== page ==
August 3, 2013
By Carolyn T. Geer

Retirement plans known as 401(k)s get lots of attention. But did you know there’s more money in individual retirement accounts? A lot more.

IRAs are now the biggest repositories of private-sector retirement savings in the U.S., with $5.4 trillion in assets, versus $4.1 trillion in so-called defined-contribution plans, which include employer-sponsored 401(k)s.

IRAs also have fewer investor protections, their fees can be higher, and returns lower. So you need to be especially vigilant when setting up and monitoring these accounts.


The main reason IRAs have surpassed 401(k)s in assets is that investors typically roll over their 401(k) balances to IRAs when they switch jobs or retire.

All this rollover activity is “extraordinary” given that investors tend to be passive participants in their 401(k)s, for example, rarely adjusting the amounts they contribute to their accounts, notes Alicia Munnell, director of the Center for Retirement Research at Boston College.

To be sure, there can be good reasons for choosing an IRA, particularly if the alternative is a small-company 401(k) plan with higher fees or poorer investment choices. But in a paper she wrote earlier this year, Ms. Munnell suggests there may be other motivating factors at work, such as seductive sales pitches from brokerage firms.

Indeed, there is some evidence that the system is effectively rigged in favor of distributions from 401(k)s to IRAs. Employers aren’t required to let departing employees with 401(k) balances under $5,000 leave the money in the plan. Nor are they required to accept rollovers from previous 401(k) plans. Those that do sometimes impose discouragingly long waiting periods on new employees wishing to enroll. Meanwhile, call-center representatives of the investment firms that manage 401(k)s often encourage departing employees to roll their 401(k)s into IRAs at their firms, “even with only minimal knowledge of a caller’s financial situation,” according to a recent report by the U.S. Government Accountability Office.


Ms. Munnell worries that investors assume the firms pushing IRA rollovers are acting in investors’ best interests, when many broker-dealers face incentives to sell high-fee investments, setting up a conflict of interest. By contrast, employers sponsoring 401(k) plans are duty-bound to act solely in employees’ interests.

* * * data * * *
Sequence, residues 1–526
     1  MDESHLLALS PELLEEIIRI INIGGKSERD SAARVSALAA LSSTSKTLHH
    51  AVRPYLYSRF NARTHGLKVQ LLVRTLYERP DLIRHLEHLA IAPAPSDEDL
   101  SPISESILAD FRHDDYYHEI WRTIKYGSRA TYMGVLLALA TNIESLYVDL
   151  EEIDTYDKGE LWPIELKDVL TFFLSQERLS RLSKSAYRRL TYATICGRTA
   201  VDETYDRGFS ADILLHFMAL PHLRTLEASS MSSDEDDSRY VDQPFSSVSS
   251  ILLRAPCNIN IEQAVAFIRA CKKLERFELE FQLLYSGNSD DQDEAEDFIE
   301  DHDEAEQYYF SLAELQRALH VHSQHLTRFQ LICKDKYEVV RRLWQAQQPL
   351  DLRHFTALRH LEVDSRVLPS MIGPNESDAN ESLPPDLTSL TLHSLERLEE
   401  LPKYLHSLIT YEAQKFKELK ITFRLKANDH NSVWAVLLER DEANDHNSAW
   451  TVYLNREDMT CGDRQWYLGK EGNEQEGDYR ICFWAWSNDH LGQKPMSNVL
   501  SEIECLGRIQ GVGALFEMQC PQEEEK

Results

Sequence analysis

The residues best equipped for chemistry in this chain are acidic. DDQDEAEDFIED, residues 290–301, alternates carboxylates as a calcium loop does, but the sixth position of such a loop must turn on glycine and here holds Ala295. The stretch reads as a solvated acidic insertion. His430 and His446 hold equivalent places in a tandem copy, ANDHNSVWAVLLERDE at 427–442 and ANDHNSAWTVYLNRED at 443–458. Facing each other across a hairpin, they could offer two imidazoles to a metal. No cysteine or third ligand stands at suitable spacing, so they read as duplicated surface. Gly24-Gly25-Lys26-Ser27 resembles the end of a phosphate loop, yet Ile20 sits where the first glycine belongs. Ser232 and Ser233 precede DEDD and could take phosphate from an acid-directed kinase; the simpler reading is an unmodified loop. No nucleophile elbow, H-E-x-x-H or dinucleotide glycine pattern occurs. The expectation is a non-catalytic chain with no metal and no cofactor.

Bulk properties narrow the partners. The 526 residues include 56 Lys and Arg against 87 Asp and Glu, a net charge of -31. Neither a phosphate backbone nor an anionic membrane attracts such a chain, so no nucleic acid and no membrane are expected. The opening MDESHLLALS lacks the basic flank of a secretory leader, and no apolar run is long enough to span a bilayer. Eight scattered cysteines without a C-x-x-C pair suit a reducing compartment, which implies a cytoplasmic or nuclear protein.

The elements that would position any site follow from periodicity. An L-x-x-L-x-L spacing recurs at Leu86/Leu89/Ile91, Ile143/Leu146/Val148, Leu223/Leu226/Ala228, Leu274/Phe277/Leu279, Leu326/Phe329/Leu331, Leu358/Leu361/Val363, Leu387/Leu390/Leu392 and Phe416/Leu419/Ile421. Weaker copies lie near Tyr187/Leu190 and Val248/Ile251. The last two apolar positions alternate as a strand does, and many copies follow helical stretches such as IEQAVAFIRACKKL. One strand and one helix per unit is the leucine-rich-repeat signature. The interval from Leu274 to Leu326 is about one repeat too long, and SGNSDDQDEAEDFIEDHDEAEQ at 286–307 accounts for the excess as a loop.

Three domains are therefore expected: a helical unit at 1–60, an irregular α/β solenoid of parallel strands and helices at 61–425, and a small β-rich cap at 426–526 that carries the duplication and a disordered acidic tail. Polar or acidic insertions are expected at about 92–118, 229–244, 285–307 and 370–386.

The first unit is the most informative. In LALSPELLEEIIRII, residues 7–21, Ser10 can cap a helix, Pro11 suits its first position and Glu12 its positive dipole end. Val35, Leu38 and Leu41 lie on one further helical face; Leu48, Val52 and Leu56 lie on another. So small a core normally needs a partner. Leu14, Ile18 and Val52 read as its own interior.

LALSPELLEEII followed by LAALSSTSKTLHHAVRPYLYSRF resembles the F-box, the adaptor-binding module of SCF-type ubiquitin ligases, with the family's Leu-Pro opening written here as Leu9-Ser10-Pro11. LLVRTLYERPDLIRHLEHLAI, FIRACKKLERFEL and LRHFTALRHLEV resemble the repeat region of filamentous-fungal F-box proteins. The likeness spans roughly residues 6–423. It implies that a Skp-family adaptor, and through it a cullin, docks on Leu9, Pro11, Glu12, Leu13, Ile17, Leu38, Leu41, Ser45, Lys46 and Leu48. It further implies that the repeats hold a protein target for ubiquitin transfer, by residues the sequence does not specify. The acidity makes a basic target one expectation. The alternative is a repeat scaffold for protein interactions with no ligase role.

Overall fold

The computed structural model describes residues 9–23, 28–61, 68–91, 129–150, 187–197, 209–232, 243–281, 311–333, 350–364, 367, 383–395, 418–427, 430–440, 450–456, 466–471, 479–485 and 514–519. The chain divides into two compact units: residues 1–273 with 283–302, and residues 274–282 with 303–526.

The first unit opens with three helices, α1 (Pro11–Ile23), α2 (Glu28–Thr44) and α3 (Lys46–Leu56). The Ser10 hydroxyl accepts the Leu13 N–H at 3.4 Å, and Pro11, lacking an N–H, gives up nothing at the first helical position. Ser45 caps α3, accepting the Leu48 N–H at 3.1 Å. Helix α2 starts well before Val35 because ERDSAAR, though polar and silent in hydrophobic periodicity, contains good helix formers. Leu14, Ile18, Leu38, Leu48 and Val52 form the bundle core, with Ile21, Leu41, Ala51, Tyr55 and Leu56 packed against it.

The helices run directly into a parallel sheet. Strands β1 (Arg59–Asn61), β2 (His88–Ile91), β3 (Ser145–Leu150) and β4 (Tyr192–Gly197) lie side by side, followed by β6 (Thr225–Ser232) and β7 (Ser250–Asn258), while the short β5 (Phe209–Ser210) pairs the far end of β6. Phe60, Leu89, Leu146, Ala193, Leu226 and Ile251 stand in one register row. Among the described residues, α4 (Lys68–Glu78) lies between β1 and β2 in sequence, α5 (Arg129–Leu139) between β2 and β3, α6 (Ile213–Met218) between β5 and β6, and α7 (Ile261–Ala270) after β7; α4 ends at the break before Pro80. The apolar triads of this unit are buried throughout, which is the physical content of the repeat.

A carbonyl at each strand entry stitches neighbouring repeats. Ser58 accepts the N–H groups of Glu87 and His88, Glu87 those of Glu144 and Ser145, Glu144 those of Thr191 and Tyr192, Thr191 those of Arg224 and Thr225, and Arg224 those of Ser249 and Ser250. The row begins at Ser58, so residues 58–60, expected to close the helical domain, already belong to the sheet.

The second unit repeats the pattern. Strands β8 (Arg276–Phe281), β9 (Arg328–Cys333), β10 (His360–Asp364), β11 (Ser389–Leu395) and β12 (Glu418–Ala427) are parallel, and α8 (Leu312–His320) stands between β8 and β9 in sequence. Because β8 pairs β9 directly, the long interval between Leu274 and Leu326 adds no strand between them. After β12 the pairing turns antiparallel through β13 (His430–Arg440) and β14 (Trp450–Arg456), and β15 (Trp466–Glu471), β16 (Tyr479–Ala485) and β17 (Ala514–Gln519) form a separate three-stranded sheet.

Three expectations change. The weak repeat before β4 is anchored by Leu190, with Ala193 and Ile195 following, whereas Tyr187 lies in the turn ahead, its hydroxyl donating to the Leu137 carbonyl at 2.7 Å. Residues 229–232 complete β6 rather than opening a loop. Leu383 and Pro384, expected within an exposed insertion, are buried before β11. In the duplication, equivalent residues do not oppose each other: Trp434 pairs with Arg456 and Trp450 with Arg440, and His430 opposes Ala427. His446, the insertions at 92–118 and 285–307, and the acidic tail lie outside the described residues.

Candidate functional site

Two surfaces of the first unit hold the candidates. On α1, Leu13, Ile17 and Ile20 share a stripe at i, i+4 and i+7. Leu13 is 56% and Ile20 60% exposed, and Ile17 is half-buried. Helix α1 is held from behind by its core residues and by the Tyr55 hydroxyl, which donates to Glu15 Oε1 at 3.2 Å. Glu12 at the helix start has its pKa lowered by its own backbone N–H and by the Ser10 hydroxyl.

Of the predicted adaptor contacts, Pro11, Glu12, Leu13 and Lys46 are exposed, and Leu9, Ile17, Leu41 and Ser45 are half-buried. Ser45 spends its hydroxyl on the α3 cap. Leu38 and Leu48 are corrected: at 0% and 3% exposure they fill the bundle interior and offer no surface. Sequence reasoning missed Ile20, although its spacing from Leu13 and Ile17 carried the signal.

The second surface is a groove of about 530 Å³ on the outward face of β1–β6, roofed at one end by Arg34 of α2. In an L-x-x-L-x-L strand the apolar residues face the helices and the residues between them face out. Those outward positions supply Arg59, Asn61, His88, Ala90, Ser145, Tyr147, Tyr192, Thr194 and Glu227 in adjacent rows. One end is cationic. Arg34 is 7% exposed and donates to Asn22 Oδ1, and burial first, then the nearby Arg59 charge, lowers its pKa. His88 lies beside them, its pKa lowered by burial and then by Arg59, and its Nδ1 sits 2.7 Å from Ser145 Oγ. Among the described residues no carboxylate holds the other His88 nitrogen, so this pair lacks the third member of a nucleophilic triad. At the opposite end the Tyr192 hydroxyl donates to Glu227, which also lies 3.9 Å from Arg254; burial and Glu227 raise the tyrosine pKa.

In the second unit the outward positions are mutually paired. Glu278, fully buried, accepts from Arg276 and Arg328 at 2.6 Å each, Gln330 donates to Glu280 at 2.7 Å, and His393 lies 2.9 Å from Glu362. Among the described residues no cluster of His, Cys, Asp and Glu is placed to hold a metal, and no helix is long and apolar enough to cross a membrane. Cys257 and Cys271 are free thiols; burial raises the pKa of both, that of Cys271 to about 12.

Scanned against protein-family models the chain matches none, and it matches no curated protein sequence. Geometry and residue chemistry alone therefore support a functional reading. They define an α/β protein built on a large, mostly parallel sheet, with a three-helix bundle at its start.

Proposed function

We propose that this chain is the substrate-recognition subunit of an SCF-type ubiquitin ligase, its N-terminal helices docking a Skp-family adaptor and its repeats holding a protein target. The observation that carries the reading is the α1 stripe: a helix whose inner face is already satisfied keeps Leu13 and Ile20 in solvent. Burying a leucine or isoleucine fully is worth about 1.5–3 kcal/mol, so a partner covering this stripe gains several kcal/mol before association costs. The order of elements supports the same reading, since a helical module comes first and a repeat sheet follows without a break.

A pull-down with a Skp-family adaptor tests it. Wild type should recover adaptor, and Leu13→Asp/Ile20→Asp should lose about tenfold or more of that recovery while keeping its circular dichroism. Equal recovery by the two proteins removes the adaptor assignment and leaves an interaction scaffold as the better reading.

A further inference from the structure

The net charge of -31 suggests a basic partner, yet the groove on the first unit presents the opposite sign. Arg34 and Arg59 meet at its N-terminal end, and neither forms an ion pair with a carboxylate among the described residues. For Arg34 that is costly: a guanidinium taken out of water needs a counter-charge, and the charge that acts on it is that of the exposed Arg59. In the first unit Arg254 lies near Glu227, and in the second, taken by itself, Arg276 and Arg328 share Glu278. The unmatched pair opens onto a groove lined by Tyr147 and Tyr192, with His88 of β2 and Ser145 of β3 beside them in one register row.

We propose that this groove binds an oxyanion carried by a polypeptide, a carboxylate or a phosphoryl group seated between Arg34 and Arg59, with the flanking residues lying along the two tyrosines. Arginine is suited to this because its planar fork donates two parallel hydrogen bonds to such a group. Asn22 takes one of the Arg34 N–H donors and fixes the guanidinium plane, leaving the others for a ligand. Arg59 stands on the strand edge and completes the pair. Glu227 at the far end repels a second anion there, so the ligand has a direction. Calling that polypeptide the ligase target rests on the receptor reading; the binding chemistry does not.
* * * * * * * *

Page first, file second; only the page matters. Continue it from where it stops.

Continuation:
More recently, the Financial Industry Regulatory Authority expressed concern that some IRAs are being misleadingly marketed as “free” or “no-fee.”

Some firms imply there are no fees charged to investors when there may be fees for opening, maintaining or closing accounts, in addition to brokerage commissions, investment-management fees or other marketing fees, the independent regulator wrote in a notice to U.S. securities firms last month.

Fees, of course, can greatly impact your account balance at retirement. An additional 1% per year in fees over 40 years would cut final assets by about one-fifth, according to an estimate by Ms. Munnell.

‘Yard Sale’

After fees, the second-biggest problem with IRAs today is the way the money in the accounts is invested, says Mitch Tuchman, who in January launched Rebalance, an independent investment advisory service that specializes in managing IRAs.

“Usually when we encounter these portfolios they’re a complete yard sale,” with a mishmash of stocks and funds investors have collected over the years, he says.

Rebalance typically reinvests the accounts in a mix of low-cost exchange-traded funds better aligned with each investor’s time horizon and appetite for risk, Mr. Tuchman says.

The situation is similar over at Financial Engines, an independent investment advisory firm that has been managing money in 401(k) accounts for nearly 10 years, and in May expanded its services to include IRA management.

“The quality of the IRA portfolios we see coming in varies dramatically, but on the whole it is worse than what we see in the 401(k) world,” says Chris Jones, the company’s chief investment officer. A great many IRAs are “poorly allocated” among “extremely expensive” funds, he says.

Make sure yours is not one of them.